The anatomy of aural suspense in Rope and Vertigo
in Partners in suspense
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This chapter explores the dramatic employment of music in two classic Hitchcock films, Rope (1948) and Vertigo (1958), both of which effectively sustain suspense throughout the filmic narrative. In Rope, Phillip Morgan, one of the killers, gives an on-screen performance of the first movement of Francis Poulenc's Mouvements Perpétuels (1918) during a macabre dinner party, where one of the guests lies dead in a trunk. The chapter argues that we can hear echoes of Rope’s score, based largely on Francis Poulenc’s Mouvement Perpétuel (1918) in Herrmann’s score for Vertigo. The ‘musical ambivalences’ of both scores provide counterpoints for the two film’s narrative complexities.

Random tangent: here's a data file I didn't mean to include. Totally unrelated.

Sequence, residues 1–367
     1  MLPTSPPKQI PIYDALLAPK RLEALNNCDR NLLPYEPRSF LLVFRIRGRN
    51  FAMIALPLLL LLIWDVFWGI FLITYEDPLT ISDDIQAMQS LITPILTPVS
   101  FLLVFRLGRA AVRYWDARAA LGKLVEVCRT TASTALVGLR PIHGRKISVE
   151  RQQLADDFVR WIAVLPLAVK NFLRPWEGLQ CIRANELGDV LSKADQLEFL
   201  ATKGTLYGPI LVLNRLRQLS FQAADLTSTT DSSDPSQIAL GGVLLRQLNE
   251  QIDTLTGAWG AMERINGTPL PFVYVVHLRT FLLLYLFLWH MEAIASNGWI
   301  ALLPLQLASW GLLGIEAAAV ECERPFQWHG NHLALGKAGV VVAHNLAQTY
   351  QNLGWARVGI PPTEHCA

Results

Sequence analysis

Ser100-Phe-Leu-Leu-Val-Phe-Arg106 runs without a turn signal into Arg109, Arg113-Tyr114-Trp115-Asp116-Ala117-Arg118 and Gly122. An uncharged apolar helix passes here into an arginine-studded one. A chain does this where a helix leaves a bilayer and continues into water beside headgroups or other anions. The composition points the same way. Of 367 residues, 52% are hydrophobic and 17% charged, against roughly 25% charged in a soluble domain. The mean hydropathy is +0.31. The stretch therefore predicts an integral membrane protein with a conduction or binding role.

Partners in suspense

Critical essays on Bernard Herrmann and Alfred Hitchcock


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